Brian Balfour, founder of Reforge and former VP of Growth at HubSpot, emphasizes the importance of retention as a key metric for measuring product value. According to Balfour, retention is the core of product value and the key to sustainable growth. If users continue to use your product over time, it’s a strong indication that they’re deriving value from it.


Tools for Product Metrics

To effectively track and analyze product metrics, you’ll need the right tools. Here are some that you might find useful, categorized into quantitative and qualitative tools:

Quantitative Tools:

  1. **Google Analytics:** A comprehensive tool that allows you to track a wide range of metrics, including user acquisition, behavior, and conversions.
  2. **Mixpanel:** This tool focuses on user behavior analytics, providing insights into user journeys and retention.
  3. **Amplitude:** Similar to Mixpanel, Amplitude provides detailed insights into user behavior, with features for tracking retention and conducting cohort analysis.
  4. **Heap:** Heap automatically captures all user interactions in your web or mobile app, allowing you to analyze user behavior without needing to define events upfront.
  5. **Pendo:** Pendo combines powerful product usage analytics with user guidance, communication, feedback, and planning tools to help you improve your product experience.

Qualitative Tools:

  1.  **Qualaroo:** This tool allows you to gather qualitative data through targeted surveys, helping you understand why users behave the way they do.
  2. **Open Text Fields:** These can be used in user surveys or feedback forms to gather qualitative data, allowing users to express their thoughts and feelings in their own words.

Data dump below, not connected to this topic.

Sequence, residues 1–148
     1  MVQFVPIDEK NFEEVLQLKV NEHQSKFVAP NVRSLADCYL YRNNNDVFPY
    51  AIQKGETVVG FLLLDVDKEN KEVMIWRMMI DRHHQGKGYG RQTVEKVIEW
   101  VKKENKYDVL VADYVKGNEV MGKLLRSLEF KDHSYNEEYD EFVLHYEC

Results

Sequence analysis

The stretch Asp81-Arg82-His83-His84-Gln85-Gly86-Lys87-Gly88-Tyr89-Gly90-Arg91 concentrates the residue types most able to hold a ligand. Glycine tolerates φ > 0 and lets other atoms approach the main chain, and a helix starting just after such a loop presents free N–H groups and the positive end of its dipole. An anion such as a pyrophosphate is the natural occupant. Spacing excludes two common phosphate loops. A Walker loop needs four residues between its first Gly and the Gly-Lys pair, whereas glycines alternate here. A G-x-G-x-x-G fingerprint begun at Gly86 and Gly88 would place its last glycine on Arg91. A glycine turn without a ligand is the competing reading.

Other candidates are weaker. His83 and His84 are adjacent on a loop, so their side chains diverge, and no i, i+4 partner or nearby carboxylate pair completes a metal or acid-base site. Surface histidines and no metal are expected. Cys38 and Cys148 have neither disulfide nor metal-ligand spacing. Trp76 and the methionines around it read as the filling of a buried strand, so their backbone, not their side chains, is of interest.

3. **Intercom:** Intercom is a messaging platform that allows you to communicate directly with your users, making it a great tool for gathering qualitative data.
  4. **UserTesting:** This platform allows you to get video, audio, and written feedback from users as they use your product, providing rich qualitative insights.
  5. **Hotjar:** Hotjar combines quantitative and qualitative tools, offering heatmaps, session recordings, and user surveys to help you understand user behavior and feedback.

Remember, choosing the right tool depends on your specific needs and the metrics you want to track. Often, a combination of several tools is needed to get a complete picture of your product’s performance.


The Power of Product Metrics

In the world of product management, metrics are more than just numbers. They’re the compass that guides your decisions, the mirror that reflects your product’s performance, and the yardstick that measures your growth.

Dave McClure’s “AARRR” framework reminds us that a blend of product and growth metrics – Acquisition, Activation, Retention, Referral, and Revenue – can provide a comprehensive view of our product’s journey. It’s about understanding not just how many users are coming to your product, but how they’re interacting with it, how often they’re coming back, and how they’re driving growth.

Marty Cagan’s emphasis on outcome-based metrics underscores the importance of focusing on the impact of your product. It’s not just about what features you’re building, but how these features are influencing user behavior and driving business outcomes.

And Brian Balfour’s focus on retention as a key metric for product value serves as a powerful reminder that sustainable growth comes from consistently delivering value to users. It’s about creating a product that users don’t just try out, but come back to again and again.

We hope you use metrics to guide your decisions, understand your product’s performance, and measure your growth. But most importantly, use them to deliver a product that consistently provides value to your users. Because at the end of the day, that’s what truly matters.